Saturday, September 17, 2011

Don G. Lovell.

Birth: 1841
Michigan, USA
Death: Oct. 25, 1907
Pierce County
Washington, USA

New York Times, October 27, 1907.

Past Commander of Department of Washington G. A. R.

TACOMA, Washington, Oct. 26.--Major Don G. Lovell dropped dead from heart disease last night while attending a board meeting at the First Church of Christ, Scientist. He was Past Commander of the Department of Washington and Alaska, G. A. R., and a prominent member of the Loyal Legion. Major Lovell was 66 years old.

Don G. Lovell was born at Iona, Mich., in 1841. He received a common school education and went to work as a clerk in a dry goods house. At the outbreak of the civil war he enlisted as a private in the Third Michigan Regiment. He served until 1862, when he received the commission of Second Lieutenant and was transferred to the Sixth Michigan Cavalry. He was badly wounded several times, and at the battle of Fair Oaks he received a bullet which he carried at the time of his death.

Lovell was mustered out of active service in 1865 with the rank of Major. He went to Colorado and later to what was then Washington Territory, settling at Tacoma. He aided in organizing Custer Post, G. A. R. He also filled the position of Deputy United States Marshall.

Name: Don George Lovell, Residence: Grand Rapids, Michigan, Age at Enlistment: 24, Enlistment Date: 6 Oct 1861. Rank at enlistment: Corporal State Served: Michigan, Was Wounded?: Yes, Survived the War?: Yes, Service Record: Enlisted in Company A, Michigan 3rd Infantry Regiment on 10 Jun 1861. Promoted to Full Corporal. Promoted to Full 2nd Lieutenant on 13 Oct 1862. Commissioned an officer in Company F, Michigan 6th Cavalry Regiment on 13 Oct 1862. Promoted to Full Captain on 22 Oct 1863.  Promoted to Full 1st Lieutenant on 09 May 1863. Promoted to Full Major on 21 Jun 1865. Mustered out on 24 Nov 1865. Birth Date: abt 1837 Sources: Record of Service of Michigan Volunteers 1861-65, Union Blue: History of MOLLUS U.S. Civil War Soldier Records and Profiles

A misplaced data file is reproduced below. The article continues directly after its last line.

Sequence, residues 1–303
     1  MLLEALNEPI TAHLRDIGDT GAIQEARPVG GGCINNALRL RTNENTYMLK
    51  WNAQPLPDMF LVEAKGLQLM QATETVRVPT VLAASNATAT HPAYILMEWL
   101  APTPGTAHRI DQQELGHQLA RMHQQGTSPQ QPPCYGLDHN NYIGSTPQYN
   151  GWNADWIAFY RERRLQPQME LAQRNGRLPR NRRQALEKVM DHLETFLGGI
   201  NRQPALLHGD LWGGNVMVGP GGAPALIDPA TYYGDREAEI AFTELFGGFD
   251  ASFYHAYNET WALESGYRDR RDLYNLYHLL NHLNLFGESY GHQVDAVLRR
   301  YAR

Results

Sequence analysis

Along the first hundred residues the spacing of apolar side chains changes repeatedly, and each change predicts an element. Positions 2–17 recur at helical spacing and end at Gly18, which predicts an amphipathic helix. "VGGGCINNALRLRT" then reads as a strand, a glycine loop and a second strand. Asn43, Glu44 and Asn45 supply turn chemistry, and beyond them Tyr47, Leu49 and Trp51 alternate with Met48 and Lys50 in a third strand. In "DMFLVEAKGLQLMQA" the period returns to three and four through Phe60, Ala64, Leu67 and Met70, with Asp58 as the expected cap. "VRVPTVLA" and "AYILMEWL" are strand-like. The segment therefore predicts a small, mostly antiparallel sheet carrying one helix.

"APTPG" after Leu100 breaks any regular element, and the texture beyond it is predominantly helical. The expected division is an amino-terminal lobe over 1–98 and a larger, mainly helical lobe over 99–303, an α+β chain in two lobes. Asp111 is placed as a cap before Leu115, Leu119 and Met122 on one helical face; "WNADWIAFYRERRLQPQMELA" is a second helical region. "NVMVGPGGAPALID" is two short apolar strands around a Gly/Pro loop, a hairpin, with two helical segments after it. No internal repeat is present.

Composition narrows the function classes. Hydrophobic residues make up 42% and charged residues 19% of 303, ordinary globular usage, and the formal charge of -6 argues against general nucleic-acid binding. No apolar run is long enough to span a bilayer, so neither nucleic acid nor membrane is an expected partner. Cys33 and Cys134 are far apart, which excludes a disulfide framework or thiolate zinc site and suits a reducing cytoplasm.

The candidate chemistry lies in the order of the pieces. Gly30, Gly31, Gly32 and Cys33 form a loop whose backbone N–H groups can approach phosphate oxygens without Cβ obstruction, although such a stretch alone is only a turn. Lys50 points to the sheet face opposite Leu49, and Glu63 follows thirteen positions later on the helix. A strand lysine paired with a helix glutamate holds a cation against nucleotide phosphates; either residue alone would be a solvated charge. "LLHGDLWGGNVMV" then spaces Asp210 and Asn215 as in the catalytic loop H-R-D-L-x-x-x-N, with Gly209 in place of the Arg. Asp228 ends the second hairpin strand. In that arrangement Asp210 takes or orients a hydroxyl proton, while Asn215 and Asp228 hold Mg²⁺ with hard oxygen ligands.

Name: Don G. Lovell, Death Date: 25 Oct 1907, Death Place: Tacoma, Pierce, Washington. Age at Death: 66 years 1 month 13 days. Estimated Birth Year: 1841. Father's Name: George Lovell,; volume/Page/Certificate Number: CN 272. Collection: Washington Death Certificates, 1907-1960.

Burial: Tacoma Cemetery, Tacoma, Pierce County, Washington.

The following was taken from a book by J. H. Kidd, called; Personal Recollections of a Cavalryman.

In troop "F", commanded by Captain William Hyser, was Second Lieutenant Don G. Lovell, one of the three
veteran officers. He went out as corporal in the Third Michigan infantry, was wounded at Fair Oaks, and again at Trevillian Station while serving in the cavalry. He was one of the bravest of the brave.

Captain Don G. Lovell, of the Sixth Michigan, the senior officer present with the regiment, greatly distinguished himself in the difficult duty of  guarding the rear, meeting emergencies as they arose with the characteristic courage and coolness which distinguished him on all occasions on the field of battle.


Captain Don G. Lovell, who was riding by the side of the commanding officer of the regiment,* suddenly cried out : "Major, there is a mounted man in the edge of the woods yonder," at the same time pointing to a place directly in front and about 200 yards beyond the fence.

Captain Lovell was one of the most dashing and intrepid officers in the brigade. He was always cool and never carried away with excitement under any circumstances. It is perhaps doubtful whether he could have
maintained his customary imperturbability, if he had realized, at the moment, just what that lone picket portended.

A glance in the direction indicated, revealed the truth of Captain Lovell' s declaration but, recalling what General Custer had said, I replied :

"The general said we might expect some mounted men of the Seventh from that direction." "But that vidette is a rebel," retorted Lovell, "he is dressed in gray. " "It can't be possible," was the insistent reply, and the column kept on moving.

Just then, the man in the woods began to ride his horse in a circle. "Look at that," said Lovell; "that is a rebel signal; our men don't do that."

The truth of the inference was too evident to be disputed. Things were beginning to look suspicious, and in another instant all doubt, if any remained, was set at rest. The horseman, after circling about a time or two, brought his horse to a standstill facing in the direction from which we were approaching. There was a puff of smoke from the muzzle of his revolver or carbine, and a bullet whizzed by and buried itself in the breast of one of the horses in the first set of fours.

"There, — it," exclaimed Lovell. "Now you know it is a rebel, don't you? "

The information was too reliable not to be convincing, and the regiment was promptly brought front into line, which had hardly been accomplished, when shots began to come from other points in the woods, and no further demonstration was needed that they were full of confederates.

No comments: